I'm not a fan of the word "Millennial"
I really am beginning to tire of hearing about all this “millennial” speak. I don’t know if my mom and dad’s generation spoke so often about the “Gen X-ers” or not, but I sure don’t remember it. I think, in part, we have so hyped up this terminology, that is has become nothing more than a marketing gimmick for books, lectures, seminars, and the like and the revenue that come along with these.
Make no mistake, the world is different now than when I was a young person, but the world was different from when my mom and dad were young people, too. And the world will be different for the next generation. We act like “millennials” have just arrived on the planet from some far off galaxy and know nothing about planet Earth. The fact that we continue to lump everyone born during those years (and no one can agree the exact years, some say 1980-2002) is the easiest way to build obstacles when it comes to communicating to them.
Baby boomers had the television, Gen X had the personal computer, and Millennials have the smart phone/tablets. Baby boomers main form of communication was the telephone, Gen X was the email system, and Millennials has become social media: Instagram and SnapChat.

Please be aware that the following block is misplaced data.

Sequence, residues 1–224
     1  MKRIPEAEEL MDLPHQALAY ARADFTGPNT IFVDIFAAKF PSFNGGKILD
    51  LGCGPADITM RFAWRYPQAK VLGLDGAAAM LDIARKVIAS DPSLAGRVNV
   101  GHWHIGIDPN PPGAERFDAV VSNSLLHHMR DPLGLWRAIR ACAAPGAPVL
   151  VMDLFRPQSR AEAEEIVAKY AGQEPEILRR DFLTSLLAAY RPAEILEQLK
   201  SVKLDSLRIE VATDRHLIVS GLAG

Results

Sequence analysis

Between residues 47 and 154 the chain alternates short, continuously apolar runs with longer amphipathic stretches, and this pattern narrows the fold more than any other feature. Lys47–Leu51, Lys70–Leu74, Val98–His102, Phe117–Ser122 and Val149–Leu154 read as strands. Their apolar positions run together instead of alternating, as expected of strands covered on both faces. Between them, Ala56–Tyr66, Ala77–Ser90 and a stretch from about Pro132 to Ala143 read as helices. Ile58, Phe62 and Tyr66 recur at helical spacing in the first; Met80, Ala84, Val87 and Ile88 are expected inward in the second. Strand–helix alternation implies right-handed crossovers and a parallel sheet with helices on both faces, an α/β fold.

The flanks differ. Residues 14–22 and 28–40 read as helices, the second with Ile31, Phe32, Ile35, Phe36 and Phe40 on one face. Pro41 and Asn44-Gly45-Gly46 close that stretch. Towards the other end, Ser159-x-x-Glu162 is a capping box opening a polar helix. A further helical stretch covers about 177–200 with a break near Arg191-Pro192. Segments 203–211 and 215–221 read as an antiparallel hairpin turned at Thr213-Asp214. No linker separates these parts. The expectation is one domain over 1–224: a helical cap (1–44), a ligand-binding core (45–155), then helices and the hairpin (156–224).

Serving as a student pastor for many years, along with producing a nationally syndicated radio show for students for fifteen years, I’ve come to a certain realization about young people. With all of the differences generationally and technologically, there are some simple truths that can be used to communicate with this age group.
1-Be real. That means be yourself, not someone you aren’t. Young people see enough “plastic people” in their every day lives.
2-Don’t sugarcoat the issues. Be honest. It’s possible to speak truth and still make an impression. In fact, even if they don’t like the truth, they’ll probably respect you for telling it to them. Eventually, if not immediately.
3-Admit when you are wrong. I already know you aren’t perfect—so do the millenials.
4-Listen as much as you want to be listened to.
5-Make them feel like their ideas matter. Why? Because they do.
So, what do you think? S
ounds like an easy list to me. As a matter of fact, I think this list would apply to most of us, regardless of age.
Follow Jack on Twitter @jackeason